Nintendo’s online service for the Switch also grants you access to some classic Nintendo games, and the NES library even provides a filter so it looks like you’re playing them on an old school CRT television. Unfortunately for some players, playing those games with this filter on has left them with an afterimage on the screen.
Not every player has experienced this, but the ones who have are understandably concerned. The afterimage appearing for some looks a lot like “burn in,” which is a shorthand for describing when an image on a screen burns into the screen itself, permanently damaging it. Reddit user Matdave bought the Switch’s online service last night and began playing some old NES games right away, only to notice a discoloration on their Switch’s screen afterward.
“When I finally backed out to the home screen around midnight, I noticed there was a weird discoloration against the grey background,” they told Kotaku via Reddit private messages. Initially, they just let their console go to sleep, assuming it would go away. “A few minutes later I turned the Switch back on and the discoloration was still there. My first thought was that it was damaged. I started looking for cases of pixel stay in NS, which is when the ‘CRT mode’ glitch started trending on the internet.”
On both Reddit and and the gaming forum ResetEra, other players have also been reporting that playing the classic NES games in CRT mode has lead to discoloration in their screens. Another Reddit user called PCgaming4ever decided to test out the CRT mode and see if they could replicate it, and they could. After observing it in action, PCgaming4ever told Kotaku that they believe it’s a rendering issue.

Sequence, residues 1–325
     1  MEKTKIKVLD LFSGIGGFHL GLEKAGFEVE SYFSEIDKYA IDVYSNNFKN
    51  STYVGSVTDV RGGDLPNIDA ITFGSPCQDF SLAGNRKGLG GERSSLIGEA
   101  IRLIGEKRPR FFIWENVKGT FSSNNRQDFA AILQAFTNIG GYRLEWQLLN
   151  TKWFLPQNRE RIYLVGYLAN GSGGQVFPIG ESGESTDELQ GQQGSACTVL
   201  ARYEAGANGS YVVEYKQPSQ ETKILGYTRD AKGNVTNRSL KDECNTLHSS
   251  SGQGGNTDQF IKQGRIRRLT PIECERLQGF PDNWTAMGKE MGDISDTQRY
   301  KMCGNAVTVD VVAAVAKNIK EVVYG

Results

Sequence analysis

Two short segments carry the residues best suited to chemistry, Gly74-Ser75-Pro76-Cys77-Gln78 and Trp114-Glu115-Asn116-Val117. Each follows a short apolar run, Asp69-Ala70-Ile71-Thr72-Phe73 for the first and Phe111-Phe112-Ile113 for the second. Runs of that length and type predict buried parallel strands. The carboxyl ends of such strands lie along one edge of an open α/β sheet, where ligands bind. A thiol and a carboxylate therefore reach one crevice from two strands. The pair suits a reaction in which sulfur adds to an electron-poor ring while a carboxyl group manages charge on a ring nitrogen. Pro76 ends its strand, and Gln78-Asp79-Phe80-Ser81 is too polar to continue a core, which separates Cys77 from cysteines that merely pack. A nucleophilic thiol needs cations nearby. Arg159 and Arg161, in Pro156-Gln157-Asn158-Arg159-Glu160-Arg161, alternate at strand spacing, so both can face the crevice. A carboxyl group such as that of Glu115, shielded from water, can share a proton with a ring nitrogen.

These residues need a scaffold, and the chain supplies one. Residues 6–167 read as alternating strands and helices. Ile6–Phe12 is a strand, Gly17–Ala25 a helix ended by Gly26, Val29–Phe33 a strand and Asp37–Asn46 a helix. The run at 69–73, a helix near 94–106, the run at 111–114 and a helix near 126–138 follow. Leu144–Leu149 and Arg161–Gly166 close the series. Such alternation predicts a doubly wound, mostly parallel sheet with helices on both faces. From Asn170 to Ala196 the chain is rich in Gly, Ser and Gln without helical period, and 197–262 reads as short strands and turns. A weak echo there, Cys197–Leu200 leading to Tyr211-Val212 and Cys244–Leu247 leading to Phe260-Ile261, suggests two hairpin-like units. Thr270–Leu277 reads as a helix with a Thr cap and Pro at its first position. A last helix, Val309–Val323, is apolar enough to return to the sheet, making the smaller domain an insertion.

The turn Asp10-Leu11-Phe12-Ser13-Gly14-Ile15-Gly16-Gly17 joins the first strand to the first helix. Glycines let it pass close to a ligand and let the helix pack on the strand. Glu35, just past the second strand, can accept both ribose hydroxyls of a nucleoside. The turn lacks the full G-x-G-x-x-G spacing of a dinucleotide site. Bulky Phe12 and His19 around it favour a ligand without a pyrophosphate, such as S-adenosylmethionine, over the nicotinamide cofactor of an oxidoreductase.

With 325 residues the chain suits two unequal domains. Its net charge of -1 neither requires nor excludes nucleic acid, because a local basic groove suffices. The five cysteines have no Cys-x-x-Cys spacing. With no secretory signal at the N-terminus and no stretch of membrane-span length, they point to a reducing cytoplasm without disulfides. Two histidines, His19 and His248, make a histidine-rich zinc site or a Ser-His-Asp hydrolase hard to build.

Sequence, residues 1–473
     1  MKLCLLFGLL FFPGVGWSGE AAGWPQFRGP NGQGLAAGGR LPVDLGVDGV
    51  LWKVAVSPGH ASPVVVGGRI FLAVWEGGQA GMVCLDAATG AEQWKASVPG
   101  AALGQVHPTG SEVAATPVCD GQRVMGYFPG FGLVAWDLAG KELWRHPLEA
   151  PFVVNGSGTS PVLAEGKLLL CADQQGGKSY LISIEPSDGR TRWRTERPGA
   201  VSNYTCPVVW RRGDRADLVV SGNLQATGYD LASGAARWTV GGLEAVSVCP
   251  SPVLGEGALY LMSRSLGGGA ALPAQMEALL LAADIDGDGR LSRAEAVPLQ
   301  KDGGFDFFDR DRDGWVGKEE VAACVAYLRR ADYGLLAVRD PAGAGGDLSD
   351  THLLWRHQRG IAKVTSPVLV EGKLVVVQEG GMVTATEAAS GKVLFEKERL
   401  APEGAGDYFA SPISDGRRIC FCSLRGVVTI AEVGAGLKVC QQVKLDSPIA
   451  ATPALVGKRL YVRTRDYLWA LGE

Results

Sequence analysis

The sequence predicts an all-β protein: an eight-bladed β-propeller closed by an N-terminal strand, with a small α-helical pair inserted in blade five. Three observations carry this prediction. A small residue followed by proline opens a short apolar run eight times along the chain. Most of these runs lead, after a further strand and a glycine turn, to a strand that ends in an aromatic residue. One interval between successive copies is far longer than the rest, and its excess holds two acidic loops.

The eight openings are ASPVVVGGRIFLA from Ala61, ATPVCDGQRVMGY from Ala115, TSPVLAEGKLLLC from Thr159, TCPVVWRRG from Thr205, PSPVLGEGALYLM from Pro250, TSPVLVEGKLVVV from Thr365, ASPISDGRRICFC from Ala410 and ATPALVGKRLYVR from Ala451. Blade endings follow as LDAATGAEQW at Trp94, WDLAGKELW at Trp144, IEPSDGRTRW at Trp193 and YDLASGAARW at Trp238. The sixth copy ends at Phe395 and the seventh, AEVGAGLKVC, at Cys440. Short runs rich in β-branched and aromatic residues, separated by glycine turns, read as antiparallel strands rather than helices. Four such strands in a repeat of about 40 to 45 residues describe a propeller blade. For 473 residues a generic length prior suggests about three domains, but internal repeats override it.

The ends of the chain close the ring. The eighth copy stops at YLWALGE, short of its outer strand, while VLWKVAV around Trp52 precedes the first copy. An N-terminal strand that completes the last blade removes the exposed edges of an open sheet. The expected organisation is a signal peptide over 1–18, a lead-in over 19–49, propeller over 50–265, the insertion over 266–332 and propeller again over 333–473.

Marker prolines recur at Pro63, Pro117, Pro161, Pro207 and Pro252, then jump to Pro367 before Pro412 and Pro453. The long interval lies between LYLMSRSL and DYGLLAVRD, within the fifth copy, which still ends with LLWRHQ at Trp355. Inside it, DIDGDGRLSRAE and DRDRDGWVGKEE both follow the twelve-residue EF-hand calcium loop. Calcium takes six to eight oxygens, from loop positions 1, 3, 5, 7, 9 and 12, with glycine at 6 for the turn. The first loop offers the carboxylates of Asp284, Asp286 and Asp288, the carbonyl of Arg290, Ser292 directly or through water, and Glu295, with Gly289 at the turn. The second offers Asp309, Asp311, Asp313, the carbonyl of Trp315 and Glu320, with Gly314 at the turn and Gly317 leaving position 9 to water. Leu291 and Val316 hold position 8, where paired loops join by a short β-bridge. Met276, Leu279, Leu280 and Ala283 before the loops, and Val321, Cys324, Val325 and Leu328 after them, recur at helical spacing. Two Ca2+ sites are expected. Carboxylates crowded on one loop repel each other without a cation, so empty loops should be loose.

“The reason I realized it wasn’t your typical ‘burn in’ and was in fact some type of rendering issue due to it actually displaying the color of the ladder still,” PCgaming4ever said over Reddit private messages.
Kotaku reached out to Nintendo regarding this issue and they did not respond in time for publication.
Luckily, if you boot up the NES games without the filter, the discoloration goes away. As PCgaming4ever noted, that suggests it’s a rendering issue: “The color from the ladder was still showing and when I re-rendered the scene with a different mode it went away almost instantly, which confirmed my suspicion.”
This glitch is still worrisome for players, especially if they don’t realize that they haven’t permanently damaged their screens. Both players that talked to Kotaku said they hope Nintendo fixes this problem. Matdave thinks they should at least disable the CRT filter for the time being.
“I was born in the 80's so having an old Nintendo game stuck on the screen is nothing new to me,” Matdave said, “but it is still pretty scary when it happens on your Switch the first time.”